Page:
The First Mobile Phone Call in the UK

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The first ever mobile phone call in the U.K. was made by Michael Harrison, the son of Vodafone’s then chairman, Sir Ernest Harrison, just after midnight on January 1, 1985. The call marked the beginning of the mobile telecommunications era in the U.K., and today, mobile phones are a critical part of global communication networks.

The Release of Windows 1.0

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Microsoft released Windows 1.0 on November 20, 1985, marking the beginning of the Windows line of operating systems that are widely used today. CNET argues, “Unfortunately for Microsoft, it failed to inspire — especially compared with the more user-friendly graphical user interface developed by Apple for the Macintosh.”

Rock Hudson’s Announcement

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On July 25, 1985, Rock Hudson, a Hollywood leading man in the 1950s and 1960s, announced he had AIDS, becoming the first major celebrity to do so. His announcement brought widespread attention to the AIDS epidemic, which was misunderstood by the public and scientists at the time.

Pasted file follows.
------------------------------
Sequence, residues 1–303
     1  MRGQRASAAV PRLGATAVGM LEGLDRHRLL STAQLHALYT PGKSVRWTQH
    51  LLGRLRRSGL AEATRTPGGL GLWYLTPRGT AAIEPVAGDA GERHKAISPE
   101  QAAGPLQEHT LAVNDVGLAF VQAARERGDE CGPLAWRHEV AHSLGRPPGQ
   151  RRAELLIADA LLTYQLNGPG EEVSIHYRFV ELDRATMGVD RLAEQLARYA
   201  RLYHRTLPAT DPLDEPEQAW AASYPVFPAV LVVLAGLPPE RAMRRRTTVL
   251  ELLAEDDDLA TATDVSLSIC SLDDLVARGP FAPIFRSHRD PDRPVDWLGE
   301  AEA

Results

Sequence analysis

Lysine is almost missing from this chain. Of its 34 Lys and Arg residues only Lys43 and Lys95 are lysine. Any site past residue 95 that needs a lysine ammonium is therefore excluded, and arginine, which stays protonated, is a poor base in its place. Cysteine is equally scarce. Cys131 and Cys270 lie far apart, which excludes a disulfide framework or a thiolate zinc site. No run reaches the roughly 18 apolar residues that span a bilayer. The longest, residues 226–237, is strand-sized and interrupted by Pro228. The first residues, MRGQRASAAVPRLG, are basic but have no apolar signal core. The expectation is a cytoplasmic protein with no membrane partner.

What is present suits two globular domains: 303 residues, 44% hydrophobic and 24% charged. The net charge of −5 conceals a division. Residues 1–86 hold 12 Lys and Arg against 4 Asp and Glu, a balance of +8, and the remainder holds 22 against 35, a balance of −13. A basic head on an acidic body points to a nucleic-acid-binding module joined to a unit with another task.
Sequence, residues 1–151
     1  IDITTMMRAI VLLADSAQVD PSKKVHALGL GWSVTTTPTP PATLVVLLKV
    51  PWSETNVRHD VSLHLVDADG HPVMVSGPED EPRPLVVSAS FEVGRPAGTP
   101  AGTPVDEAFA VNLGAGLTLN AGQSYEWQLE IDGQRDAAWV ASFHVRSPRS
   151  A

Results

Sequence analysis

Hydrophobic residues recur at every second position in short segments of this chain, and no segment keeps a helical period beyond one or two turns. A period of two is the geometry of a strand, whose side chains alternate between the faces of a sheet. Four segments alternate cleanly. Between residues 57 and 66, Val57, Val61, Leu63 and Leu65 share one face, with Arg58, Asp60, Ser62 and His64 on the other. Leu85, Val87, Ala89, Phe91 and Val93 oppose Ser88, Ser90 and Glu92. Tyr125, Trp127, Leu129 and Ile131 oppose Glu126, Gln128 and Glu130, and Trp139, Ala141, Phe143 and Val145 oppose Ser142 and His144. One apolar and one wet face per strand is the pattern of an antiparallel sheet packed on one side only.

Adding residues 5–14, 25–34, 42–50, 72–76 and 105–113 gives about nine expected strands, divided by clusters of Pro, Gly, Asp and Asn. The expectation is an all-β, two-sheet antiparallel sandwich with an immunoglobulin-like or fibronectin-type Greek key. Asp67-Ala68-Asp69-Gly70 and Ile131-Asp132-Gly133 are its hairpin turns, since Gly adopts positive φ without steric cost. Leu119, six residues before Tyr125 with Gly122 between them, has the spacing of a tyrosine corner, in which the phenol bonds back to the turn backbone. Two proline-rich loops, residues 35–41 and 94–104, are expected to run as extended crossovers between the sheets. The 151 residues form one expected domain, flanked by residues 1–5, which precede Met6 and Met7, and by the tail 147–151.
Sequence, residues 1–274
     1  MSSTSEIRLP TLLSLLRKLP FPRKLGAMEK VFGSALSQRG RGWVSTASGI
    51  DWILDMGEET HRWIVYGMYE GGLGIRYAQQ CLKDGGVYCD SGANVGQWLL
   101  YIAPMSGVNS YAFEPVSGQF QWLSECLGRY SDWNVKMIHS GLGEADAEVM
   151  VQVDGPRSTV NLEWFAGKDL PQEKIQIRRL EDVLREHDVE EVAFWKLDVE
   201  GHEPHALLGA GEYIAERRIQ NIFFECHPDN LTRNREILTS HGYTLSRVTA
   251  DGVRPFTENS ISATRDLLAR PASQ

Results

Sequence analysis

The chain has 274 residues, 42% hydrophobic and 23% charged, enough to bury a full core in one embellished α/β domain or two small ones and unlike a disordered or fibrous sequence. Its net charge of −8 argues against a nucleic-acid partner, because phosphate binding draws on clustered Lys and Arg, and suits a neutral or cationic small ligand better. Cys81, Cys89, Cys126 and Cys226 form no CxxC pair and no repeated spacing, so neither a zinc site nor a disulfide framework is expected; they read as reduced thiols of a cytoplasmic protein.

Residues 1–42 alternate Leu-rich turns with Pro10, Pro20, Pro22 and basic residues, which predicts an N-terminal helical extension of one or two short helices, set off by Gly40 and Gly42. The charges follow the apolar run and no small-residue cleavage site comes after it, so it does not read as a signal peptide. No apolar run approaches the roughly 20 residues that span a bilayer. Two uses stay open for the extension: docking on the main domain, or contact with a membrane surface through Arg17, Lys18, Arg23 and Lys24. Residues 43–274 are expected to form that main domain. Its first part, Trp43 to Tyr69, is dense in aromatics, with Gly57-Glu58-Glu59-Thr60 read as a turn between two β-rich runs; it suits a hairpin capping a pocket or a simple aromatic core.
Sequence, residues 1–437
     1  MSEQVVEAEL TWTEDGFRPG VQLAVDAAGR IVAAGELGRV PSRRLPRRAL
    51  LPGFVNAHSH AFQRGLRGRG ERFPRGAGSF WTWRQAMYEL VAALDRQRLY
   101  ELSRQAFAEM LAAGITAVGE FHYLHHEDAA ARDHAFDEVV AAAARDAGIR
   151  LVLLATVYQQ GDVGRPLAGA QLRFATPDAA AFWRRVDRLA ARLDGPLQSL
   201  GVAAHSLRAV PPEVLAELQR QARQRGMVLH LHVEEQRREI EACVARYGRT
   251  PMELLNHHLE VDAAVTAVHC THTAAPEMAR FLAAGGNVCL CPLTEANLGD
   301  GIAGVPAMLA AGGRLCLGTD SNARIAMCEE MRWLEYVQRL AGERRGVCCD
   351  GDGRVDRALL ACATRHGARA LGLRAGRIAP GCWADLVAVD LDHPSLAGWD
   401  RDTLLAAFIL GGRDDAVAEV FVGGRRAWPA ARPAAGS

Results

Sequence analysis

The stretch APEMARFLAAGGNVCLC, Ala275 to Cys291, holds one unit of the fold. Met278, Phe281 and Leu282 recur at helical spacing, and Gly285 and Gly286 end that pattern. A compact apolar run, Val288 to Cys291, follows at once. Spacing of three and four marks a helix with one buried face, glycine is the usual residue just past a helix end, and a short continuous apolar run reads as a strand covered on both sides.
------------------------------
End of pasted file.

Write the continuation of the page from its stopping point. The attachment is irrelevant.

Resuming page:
The Birth of WrestleMania

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Madison Square Garden in New York City held the first WrestleMania on March 31, 1985, with 19,121 attendees. It featured celebrities and athletes, including Muhammad Ali and Cyndi Lauper, alongside professional wrestlers. It was a major success and became an annual event that helped popularize professional wrestling worldwide.

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20 Time-Honored Practices Our Grandparents Followed That We Should Bring Back